In the race to renewable energy, organic solar cells are now really starting to take off. They can be manufactured easily and cheaply, they have low environmental impact, and since they are compatible with flexible substrates, they could be used in many applications such as packaging, clothing, flexible screens, or for recharging cell phones and laptops.
The North Atlantic Ocean is one of the Earth’s tools to offset natural carbon dioxide emissions. In fact, the ‘carbon sink’ in the North Atlantic is the primary gate for carbon dioxide (CO2) entering the global ocean and stores it for about 1500 years. The oceans have removed nearly 30 per cent of anthropogenic (man-made) emissions over the last 250 years. However, several recent studies show a dramatic decline in the North Atlantic Ocean’s carbon sink.
Mexico City officials have shut down a main pipeline providing fresh water to millions of residents because reserves have fallen to record low levels.
The closure, due to last 36 hours, will affect five million people, or a quarter of the city’s population.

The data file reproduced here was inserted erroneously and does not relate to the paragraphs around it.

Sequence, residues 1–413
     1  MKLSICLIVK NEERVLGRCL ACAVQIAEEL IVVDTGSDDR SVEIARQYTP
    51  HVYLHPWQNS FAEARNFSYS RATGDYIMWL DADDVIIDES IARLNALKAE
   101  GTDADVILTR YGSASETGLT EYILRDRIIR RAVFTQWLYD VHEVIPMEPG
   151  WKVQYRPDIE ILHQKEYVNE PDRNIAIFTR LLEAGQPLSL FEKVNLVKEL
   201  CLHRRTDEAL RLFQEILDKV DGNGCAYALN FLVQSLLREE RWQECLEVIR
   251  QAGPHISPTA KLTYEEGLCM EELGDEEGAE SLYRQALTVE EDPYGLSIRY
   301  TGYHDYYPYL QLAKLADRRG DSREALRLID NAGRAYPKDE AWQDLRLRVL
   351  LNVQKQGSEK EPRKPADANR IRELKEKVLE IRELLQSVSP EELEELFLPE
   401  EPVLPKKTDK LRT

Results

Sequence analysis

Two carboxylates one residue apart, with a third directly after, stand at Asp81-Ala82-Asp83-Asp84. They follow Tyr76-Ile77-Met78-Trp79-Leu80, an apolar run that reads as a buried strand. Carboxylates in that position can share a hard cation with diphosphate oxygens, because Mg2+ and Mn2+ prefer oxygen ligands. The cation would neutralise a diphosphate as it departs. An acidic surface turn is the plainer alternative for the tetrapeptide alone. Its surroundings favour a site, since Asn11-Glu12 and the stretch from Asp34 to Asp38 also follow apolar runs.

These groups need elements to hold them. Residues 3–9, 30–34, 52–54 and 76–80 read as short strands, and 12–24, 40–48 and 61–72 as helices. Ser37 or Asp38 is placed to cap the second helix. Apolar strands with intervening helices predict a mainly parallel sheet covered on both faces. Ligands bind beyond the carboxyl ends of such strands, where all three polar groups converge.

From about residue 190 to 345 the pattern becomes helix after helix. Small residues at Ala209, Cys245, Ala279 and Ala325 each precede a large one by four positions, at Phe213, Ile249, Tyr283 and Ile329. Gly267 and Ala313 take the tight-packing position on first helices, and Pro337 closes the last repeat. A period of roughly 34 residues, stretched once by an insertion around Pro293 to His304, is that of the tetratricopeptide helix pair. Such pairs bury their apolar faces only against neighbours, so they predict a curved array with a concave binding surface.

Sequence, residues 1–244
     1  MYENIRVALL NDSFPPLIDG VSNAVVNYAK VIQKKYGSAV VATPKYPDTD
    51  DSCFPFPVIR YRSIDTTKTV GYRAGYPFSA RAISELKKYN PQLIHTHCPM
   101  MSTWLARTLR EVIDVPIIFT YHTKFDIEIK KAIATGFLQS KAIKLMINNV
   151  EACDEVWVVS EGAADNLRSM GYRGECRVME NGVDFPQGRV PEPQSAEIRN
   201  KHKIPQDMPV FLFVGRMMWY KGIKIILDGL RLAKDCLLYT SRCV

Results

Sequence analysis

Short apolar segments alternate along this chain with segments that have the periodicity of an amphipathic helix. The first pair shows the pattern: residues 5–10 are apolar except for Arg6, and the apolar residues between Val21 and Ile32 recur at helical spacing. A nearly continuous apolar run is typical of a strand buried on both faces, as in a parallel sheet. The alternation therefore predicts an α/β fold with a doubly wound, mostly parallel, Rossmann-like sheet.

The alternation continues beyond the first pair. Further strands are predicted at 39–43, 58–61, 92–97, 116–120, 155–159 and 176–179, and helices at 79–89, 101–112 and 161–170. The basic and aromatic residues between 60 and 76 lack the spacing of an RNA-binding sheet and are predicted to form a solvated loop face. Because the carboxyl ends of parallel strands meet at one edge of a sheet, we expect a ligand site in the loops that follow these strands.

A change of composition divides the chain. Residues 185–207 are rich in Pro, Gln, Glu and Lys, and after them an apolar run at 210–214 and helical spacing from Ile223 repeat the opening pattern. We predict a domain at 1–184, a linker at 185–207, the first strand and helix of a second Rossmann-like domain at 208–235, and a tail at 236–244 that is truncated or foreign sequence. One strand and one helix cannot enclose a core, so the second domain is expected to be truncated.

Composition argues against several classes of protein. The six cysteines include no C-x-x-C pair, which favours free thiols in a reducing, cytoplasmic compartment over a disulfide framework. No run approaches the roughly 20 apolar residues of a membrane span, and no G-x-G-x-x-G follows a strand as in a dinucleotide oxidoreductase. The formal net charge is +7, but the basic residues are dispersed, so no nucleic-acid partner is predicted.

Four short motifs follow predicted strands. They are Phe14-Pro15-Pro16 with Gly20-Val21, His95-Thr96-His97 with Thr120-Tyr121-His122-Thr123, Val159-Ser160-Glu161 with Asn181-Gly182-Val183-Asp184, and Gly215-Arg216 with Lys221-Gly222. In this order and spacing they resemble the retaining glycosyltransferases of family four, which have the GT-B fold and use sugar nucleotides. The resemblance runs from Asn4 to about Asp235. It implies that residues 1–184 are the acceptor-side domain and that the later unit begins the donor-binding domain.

Unusually low rainfall last year and major leakage are blamed for leaving reservoirs less than half full.
The world watches as Australia reels from the shocks of climate change. Drought, fires, monsoons and mosquito epidemics are just the beginning for the continent and the planet as global temperatures increase. Scientists say that Australia’s set of problems is a harbinger of things to come for the rest of the world.
A three-person royal commission has been convened to determine whether climate change is to blame for a February heat wave in which more than 200 people died and for the nation’s worst-ever wildfires that killed 173 the following week.
Compiled by Max Luken and Carlin Rosengarten